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Council talks wages, benefits

FAIRMONT–The Fairmont City Council on Monday discussed whether or not to change council member salaries.

Reynolds said the city charter calls for the council to review the salary of the elected officers and officials and to make any adjustments no later than June in each municipal election year.

Currently city code has the mayor’s salary set at $4,800 and council salary is at $2,400 which includes per diem for out of town meetings. It also provides that council members are eligible for all benefits that full-time salaried employees are eligible for.

Mayor and council salaries were provided from other area communities such as St. Peter, Marshall, Brainerd and Albert Lea. Fairmont’s was the lowest for both out of all other communities.

“As I’ve said before and I’ll say out loud again, we’re not really an outlier, but regarding health insurance, for someone who is grossing $2,400 a year and can get a 10 to $15,000 benefit seems totally wrong to me,” said Council Member Bruce Peters.

He noted that some use it and some don’t. He said he thinks they should get paid more and do with the money what they want.

Council Member Britney Kawecki agreed with Peters and said an email had said that council hasn’t received a raise since the 80s. She said as benefits have gone up significantly over the years, for the members who take them it’s a benefit to them.

Council Member Michele Miller asked where the money would come from if they were to increase the pay. Reynolds said any adjustments wouldn’t take place until 2023 and would only affect the three positions that are up for re-election this year. She said whatever happens would go into consideration when they build the 2023 budget.

Peters said it’s a fine line because the council members are doing their job as a public service, not for the money, and they wouldn’t want a large enough salary that people are going into it solely for the money.

Council member Wayne Hasek said he would like to see it stay where it’s at and council member Randy Lubenow agreed. He noted that it’s hard to get people to run for council and the benefits might be a selling point for some. Miller said she would be in favor of keeping it as it is as well.

Ultimately, the council decided not to take any action on the matter.

Moving to other matters, Finance Director Paul Hoye provided the council with the 2021 Aquatic Park report. He said that just under 21,000 people used the facility, which was up from 12,000 in 2020, though Hoye noted they were only open half the season that year. He said it’s typical to numbers of other years though.

As for passes, 52 single passes were sold and 244 family passes were sold.

“That’s the most passes we’ve sold since the park opened in 1999,” Hoye said.

He said the number of people taking private lessons was also up.

The report included that revenues were also good at $193,000, which was $24,000 over budget. Expenses came in at just over $620,000 so there was a loss of $426,000.

Hoye said there was a good number of larger capital projects over the years including pool resurfacing and equipment replacement. The slides have also had some work

done. He said moving forward there will be some smaller projects so they anticipate expenditures to go down.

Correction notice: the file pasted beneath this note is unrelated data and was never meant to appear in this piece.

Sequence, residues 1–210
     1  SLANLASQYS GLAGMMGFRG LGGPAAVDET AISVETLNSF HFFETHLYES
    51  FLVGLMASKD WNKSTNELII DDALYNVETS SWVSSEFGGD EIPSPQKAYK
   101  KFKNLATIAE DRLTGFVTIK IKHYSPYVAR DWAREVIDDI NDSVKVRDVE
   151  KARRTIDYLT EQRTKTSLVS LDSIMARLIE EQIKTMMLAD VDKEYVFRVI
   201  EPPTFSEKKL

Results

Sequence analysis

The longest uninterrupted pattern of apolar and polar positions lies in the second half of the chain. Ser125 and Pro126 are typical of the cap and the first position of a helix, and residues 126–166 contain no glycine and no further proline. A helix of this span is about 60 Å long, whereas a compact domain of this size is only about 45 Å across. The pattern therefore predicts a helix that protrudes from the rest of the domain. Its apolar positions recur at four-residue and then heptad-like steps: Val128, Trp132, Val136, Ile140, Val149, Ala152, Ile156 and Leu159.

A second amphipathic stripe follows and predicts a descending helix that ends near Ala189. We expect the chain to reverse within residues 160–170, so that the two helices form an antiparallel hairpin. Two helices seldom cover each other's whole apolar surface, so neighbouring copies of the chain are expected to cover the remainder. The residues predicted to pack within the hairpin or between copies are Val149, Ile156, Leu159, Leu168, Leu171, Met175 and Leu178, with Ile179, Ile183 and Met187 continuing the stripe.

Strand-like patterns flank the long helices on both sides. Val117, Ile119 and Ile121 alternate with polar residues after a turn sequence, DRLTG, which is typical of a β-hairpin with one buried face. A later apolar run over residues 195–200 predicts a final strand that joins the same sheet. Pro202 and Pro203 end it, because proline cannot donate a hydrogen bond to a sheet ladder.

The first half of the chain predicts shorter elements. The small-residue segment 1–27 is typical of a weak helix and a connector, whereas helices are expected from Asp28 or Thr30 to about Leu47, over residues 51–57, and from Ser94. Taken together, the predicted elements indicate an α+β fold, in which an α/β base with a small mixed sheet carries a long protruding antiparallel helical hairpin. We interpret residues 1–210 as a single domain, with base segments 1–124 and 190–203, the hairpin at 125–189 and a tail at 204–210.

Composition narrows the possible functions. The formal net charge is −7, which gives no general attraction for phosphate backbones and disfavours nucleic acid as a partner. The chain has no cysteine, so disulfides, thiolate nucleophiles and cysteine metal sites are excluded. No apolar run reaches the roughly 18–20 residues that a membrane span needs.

There are some slight changes in operations regarding personnel. Betsy Steuber has been used more at city hall so they’ve looked at hiring a pool manager who would work under Steuber. They’ve hired someone to hold that position.

Hoye said right now they have 40 lifeguards hired for the season but they’re still looking for seasonal employees so if anyone is interested in lifeguarding they can contact city hall.

The Aquatic Park will be opening June 3. It will be open from noon to 6 p.m. until July 15 and noon to 8 p.m. on weekends. As they get further into the season they’ll be open until 8 p.m. on weeknights as well.

In other news, the council approved a contract with 292 Design Group for architect/engineer services for the proposed community center.

At the April 25 meeting, the council had approved the selection of 292 Design Group and city staff has been working on contract negations since then.

Under the contract, 292 will provide phase one services for $55,000. Phase two fees vary from 6 to 6.6 percent of the construction cost of work depending on the amenities included with the final design.

Peters asked why they’re approving the contract if all of the money needed for the project hasn’t been raised. Lubenow noted that $4.5 million has been raised. Peters pointed out that money has been pledged, not raised.

The council approved of the contract 4-1 with Hasek voting no.

In other action, the council:

— Approved a grant agreement to complete the airport building rehab with the estimated project cost at just under $50,000 and the total local share at just under $15,000, which was budgeted for. The other funds will come from a grant from the state.

— Heard a summary of the May 9 annual evaluation of the performance of City Administrator Cathy Reynolds. Mayor Deb Foster said prior to the session, council and some staff members had completed an evaluation regarding Reynold’s performance. She said overall, the council expressed satisfaction with Reynold’s performance to date. The council recommended a 4 percent salary increase for Reynolds, which was approved at Monday evening’s meeting.

— Imposed a civil penalty of $750 upon the Channel Inn. On Dec. 31, 2021 an employee sold an alcoholic beverage to an underage person who was authorized by the Fairmont Police Department to assist with compliance checks of liquor license holders.

— Imposed a civil penalty upon IYS Ventures, LLC, d/b/a I Mart Stores after failing a tobacco compliance checks executed by the Fairmont Police Department on Dec. 11, 2021. The business was fined $300.

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